Where will your retirement money come from? If you’re like most people, qualified-retirement plans, Social Security, and personal savings and investments are expected to play a role. Once you have estimated the amount of money you may need for retirement, a sound approach involves taking a close look at your potential retirement-income sources.
There are three things to consider before dipping into retirement savings to pay for college.
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Taking regular, periodic withdrawals during retirement can be quite problematic.
Here are five facts about Social Security that are important to keep in mind.
There are things about Social Security that might surprise you.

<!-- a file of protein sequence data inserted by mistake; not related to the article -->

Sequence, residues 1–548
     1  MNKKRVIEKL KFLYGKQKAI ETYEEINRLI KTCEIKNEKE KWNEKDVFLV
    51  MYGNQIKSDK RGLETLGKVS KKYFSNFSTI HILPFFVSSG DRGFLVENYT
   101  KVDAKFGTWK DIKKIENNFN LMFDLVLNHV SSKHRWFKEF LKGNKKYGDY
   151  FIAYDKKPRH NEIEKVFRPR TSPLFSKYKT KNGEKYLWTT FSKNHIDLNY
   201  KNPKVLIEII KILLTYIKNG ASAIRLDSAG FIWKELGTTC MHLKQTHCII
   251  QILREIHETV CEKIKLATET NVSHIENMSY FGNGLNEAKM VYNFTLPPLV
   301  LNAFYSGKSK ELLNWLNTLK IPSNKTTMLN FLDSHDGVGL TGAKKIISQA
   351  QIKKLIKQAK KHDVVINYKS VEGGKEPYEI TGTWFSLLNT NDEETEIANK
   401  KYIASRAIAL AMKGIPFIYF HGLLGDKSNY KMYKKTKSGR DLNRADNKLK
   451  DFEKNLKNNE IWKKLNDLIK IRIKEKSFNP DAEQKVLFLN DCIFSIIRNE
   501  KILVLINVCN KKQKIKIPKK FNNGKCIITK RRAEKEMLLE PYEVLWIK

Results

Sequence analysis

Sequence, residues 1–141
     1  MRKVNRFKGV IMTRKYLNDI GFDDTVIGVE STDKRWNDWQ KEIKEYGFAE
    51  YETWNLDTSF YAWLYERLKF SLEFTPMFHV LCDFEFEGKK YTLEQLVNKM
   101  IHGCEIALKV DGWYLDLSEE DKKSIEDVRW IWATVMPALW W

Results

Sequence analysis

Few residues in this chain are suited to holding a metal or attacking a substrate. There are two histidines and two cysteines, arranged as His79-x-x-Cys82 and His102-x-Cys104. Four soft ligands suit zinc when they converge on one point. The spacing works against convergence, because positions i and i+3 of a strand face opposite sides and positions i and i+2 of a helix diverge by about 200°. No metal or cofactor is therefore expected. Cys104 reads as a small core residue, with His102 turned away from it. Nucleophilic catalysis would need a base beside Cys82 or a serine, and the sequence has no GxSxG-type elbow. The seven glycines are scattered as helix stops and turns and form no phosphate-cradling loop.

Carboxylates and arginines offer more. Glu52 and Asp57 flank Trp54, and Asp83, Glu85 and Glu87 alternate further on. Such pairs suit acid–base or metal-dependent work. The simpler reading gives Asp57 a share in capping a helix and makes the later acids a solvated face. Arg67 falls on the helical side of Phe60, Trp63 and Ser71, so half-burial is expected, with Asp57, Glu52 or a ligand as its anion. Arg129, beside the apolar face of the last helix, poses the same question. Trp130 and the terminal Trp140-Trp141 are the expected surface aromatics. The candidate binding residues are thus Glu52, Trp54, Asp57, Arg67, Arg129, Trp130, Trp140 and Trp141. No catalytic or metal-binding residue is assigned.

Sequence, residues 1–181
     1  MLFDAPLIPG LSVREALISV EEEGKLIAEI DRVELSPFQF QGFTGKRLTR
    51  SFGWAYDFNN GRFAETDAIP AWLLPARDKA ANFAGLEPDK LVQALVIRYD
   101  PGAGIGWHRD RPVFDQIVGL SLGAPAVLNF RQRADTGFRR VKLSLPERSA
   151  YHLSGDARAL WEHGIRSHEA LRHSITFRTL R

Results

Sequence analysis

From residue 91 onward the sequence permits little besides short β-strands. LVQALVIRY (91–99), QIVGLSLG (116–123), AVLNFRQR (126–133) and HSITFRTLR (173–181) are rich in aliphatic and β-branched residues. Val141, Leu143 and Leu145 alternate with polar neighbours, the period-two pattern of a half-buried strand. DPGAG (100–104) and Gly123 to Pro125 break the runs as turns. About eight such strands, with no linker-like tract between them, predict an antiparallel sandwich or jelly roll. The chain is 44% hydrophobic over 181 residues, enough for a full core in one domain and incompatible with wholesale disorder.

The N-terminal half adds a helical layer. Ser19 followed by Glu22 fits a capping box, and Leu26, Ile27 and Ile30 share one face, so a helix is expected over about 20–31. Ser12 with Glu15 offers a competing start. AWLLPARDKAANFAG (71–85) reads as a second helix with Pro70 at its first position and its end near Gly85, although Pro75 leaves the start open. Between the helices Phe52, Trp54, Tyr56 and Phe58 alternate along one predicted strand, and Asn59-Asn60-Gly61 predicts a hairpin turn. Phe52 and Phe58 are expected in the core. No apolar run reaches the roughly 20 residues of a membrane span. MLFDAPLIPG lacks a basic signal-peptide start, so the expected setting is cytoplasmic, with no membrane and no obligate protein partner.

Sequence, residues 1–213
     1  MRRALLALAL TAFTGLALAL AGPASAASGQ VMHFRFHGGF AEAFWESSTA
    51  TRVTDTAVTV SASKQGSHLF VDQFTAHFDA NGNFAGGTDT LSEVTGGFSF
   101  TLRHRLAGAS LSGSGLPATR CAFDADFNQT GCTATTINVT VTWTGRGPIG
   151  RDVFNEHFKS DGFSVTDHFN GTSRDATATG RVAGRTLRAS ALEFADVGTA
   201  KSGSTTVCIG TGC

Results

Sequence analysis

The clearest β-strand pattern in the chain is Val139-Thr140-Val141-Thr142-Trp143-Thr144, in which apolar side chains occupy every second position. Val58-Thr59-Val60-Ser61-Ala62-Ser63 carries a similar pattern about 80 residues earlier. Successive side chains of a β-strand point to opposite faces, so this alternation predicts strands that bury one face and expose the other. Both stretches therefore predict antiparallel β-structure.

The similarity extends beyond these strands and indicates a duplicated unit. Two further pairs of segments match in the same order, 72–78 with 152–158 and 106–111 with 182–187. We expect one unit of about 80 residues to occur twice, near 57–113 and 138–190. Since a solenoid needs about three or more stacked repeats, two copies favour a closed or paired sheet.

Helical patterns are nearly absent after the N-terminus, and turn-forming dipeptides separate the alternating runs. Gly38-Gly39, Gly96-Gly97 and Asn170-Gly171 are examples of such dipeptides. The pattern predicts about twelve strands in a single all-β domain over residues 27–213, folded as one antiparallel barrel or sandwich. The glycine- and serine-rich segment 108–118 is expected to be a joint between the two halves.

Don't let procrastination keep you from pursuing your financial dreams and goals.
Regardless of how you approach retirement, there are some things about it that might surprise you.
Calculating your potential Social Security benefit is a three-step process.
Estimate your monthly and annual income from various IRA types.
Estimate the maximum contribution amount for a Self-Employed 401(k), SIMPLE IRA, or SEP.
This calculator compares a hypothetical fixed annuity with an account where the interest is taxed each year.
This calculator compares employee contributions to a Roth 401(k) and a traditional 401(k).
Estimate how long your retirement savings may last using various monthly cash flow rates.
This calculator can help you estimate how much you may need to save for retirement.
What does your home really cost?
Around the country, attitudes about retirement are shifting.
Make your retirement as exciting as your next vacation.
How does your ideal retirement differ from reality, and what can we do to better align the two?
A growing number of Americans are pushing back the age at which they plan to retire. Or deciding not to retire at all.
For women, retirement strategy is a long race. It’s helpful to know the route.